Linux with a difference

Linux with a difference

In the past six months Caldera has made a number of moves to further strengthen its position as one of the leaders in the Linux for business sector.

Caldera has always positioned itself as the “Linux for business” company and unlike many Linux vendors has never taken the approach of simply bundling a whole bunch of Open Source applications along with the Linux operating system and selling it as a “distribution”. At the same time Caldera has never positioned itself as only making money from services and training (although it offers both), but from licensing software in much same way that Microsoft does, albeit it at a much lower price and still in keeping with the Open Source philosophy, wherein the source code usually ships with the compiled binaries.

In the past six months Caldera has made a number of moves to further strengthen its position as one of the leaders in the Linux for business sector, aided in part by its acquisition of SCO Unix last year, coupled with the release of two products in its Volution line — Caldera Volution Manager and Caldera Volution Messaging Server.

Volution Manager is a Web-based management and administration system that supports all the more popular versions of Linux, and is primarily designed to help system administrators more easily scale their existing resources, and roll out web services and other deployments more cost-effectively.

Some of the new features include the ability to manage multiple platforms from one interface, a network install option that simplifies reviews, evaluations and deployments, a status and diagnostics features to reduce troubleshooting time, and tighter integration with Volution Online, which provides an Internet-based software management service. Caldera expect to ships an extended version that also supports Windows later this year.

Caldera’s Volution Messaging Server is the Linux equivalent of Microsoft’s Exchange Server and includes support for Outlook, Outlook Express and a number of other popular email clients. It also supports popular antivirus, back-up and fax server software and can run either on Caldera’s OpenLinux Server or on Open Unix platforms. Chuck this on a Linux server and you can lose Exchange and save a bundle in the process.

Caldera also recently released upgraded versions (v 3.1.1) of OpenLinux Server and OpenLinux Workstation. Both versions feature version 2.4.13 of the Linux kernel, support for the KDE 2.2.1 graphical interface and improved support for working with Caldera’s Volution Messaging Server and Volution Manager 1.1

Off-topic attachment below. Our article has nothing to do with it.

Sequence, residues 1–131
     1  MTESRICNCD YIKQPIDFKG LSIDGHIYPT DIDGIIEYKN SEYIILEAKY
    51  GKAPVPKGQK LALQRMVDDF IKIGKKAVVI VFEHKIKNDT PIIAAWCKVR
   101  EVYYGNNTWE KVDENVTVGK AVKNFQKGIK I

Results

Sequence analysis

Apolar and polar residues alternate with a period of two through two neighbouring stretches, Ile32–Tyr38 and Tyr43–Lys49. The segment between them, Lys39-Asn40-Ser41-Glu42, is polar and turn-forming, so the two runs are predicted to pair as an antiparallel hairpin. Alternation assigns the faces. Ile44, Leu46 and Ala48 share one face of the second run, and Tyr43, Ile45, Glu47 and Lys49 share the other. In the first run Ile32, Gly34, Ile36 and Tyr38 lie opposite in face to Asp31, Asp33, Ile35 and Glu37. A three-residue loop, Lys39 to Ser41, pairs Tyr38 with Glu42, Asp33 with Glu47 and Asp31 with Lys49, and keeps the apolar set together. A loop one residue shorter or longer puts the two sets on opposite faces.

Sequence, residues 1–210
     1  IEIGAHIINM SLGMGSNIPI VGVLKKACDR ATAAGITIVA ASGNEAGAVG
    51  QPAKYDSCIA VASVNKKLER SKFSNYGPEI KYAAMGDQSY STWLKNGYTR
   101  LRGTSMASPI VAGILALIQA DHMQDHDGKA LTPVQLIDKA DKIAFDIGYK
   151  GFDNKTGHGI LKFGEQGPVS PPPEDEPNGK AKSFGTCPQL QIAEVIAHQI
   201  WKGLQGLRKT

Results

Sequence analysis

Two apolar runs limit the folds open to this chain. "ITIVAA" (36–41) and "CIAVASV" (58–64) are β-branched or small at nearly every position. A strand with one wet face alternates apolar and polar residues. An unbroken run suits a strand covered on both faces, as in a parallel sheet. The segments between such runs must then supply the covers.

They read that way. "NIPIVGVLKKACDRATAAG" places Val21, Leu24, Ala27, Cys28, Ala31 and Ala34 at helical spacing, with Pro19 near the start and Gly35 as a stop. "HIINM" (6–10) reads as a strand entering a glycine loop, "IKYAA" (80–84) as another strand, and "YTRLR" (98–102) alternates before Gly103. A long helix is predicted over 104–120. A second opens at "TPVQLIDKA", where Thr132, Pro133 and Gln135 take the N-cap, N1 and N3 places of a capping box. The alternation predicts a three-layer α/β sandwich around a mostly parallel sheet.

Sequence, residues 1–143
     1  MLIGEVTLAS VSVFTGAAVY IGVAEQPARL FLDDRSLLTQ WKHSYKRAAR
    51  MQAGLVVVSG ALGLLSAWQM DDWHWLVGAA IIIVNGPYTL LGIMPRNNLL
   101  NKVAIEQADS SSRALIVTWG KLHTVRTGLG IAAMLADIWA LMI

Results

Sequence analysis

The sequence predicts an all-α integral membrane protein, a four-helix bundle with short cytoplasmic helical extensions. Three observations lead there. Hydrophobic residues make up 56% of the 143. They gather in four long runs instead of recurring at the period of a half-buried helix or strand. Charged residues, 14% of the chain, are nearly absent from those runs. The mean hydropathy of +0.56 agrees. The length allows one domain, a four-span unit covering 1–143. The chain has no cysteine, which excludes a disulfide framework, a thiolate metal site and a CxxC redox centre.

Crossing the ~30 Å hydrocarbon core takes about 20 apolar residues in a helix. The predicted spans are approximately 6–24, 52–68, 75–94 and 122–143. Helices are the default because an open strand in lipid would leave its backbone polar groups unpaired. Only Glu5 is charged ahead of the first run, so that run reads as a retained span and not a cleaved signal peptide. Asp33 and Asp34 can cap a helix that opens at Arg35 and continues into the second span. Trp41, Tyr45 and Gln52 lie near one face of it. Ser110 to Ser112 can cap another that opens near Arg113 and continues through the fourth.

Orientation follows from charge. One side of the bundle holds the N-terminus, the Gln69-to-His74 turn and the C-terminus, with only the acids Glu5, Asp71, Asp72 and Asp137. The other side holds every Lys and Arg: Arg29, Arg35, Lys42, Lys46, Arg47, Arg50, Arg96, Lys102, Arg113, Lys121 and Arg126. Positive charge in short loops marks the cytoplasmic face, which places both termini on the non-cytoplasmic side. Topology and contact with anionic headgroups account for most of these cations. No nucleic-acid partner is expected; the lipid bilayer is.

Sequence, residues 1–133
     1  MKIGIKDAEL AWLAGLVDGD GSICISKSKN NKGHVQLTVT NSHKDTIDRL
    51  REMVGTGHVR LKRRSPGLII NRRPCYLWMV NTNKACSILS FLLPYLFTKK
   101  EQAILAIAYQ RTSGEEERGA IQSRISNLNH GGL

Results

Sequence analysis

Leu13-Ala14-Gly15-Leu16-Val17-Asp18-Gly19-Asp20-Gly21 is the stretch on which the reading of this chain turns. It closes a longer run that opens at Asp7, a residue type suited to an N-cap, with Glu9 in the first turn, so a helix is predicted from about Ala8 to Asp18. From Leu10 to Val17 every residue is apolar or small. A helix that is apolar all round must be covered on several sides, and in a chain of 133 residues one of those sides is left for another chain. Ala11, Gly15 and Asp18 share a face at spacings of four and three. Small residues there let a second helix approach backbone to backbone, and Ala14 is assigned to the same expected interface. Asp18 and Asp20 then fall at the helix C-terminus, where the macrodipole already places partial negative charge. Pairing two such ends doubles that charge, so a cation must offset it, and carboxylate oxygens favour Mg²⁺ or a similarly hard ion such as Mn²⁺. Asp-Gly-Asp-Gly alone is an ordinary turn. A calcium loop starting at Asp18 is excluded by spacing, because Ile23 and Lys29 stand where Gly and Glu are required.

The OpenLinux Server includes 60 days of email installation support and six months of Volution Online software maintenance priced at around $700. The Workstation version also includes 60 days of email installation support and 60 days of Volution Online maintenance for about $250 — per machine. Unlike other Linux suppliers Caldera is now licencing software on a per machine basis rather than unlimited use. Caldera says this is more realistic and allows it to provide professional quality software and in some cases limited edition versions of commercial packages within the Caldera offering.

Caldera is generally more conservative than many other Linux companies, preferring to spend time optimising its software and ensuring that it is fully “self-hosting”. This is essentially the ability to recompile from the source code and ensure the binary code is compatible with the system libraries and the compiler itself. Caldera claims this offers significant performance increases compared to competing Linux distributions. Caldera says it is also cognisant of the fact that business users, unlike enthusiasts, don’t want the “latest and greatest” patches every couple of days but want a stable, high-performance environment — which is kind of hard to argue with.

The latest release of OpenLinux Workstation includes Sun’s Forte Java development environment, Borland’s JBuilder Foundation Java IDE and Kylix 1.0 Open edition, in addition to the usual development tools that ship with Linux. Caldera’s strategy behind this is to provide what is essentially a low-cost environment for developers, who can create applications that can then run on OpenLinux or Open Unix 8.0 production servers. (Open Unix 8.0 includes the Linux Kernel Personality that allows Linux apps to run natively on Open Unix systems.)

Ransom Love, president and CEO of Caldera, is speaking at a forum in Sydney at the beginning of June, outlining Caldera’s Unix and Linux business strategy — including web services and a new business initiative, so watch this space for an update.

Further information:

Caldera is distributed in New Zealand by MPA and Base 10.

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